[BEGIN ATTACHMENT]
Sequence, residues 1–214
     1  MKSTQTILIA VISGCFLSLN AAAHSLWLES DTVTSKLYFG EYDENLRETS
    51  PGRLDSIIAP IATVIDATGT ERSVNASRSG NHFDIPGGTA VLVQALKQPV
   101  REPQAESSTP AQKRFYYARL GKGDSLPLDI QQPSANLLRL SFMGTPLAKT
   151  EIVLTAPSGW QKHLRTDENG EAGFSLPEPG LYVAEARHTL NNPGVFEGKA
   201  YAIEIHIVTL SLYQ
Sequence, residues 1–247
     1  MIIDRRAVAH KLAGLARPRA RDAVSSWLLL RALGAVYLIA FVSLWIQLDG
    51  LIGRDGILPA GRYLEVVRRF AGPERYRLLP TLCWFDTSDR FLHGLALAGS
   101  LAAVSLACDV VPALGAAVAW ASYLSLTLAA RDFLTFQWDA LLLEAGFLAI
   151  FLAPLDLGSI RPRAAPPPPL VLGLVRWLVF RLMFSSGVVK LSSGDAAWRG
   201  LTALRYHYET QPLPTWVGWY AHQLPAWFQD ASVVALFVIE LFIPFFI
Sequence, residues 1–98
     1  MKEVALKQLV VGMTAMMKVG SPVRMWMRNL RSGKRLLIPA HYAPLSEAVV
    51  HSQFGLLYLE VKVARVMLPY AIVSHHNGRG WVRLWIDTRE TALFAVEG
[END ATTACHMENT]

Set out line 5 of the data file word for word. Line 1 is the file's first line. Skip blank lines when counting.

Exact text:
   151  EIVLTAPSGW QKHLRTDENG EAGFSLPEPG LYVAEARHTL NNPGVFEGKA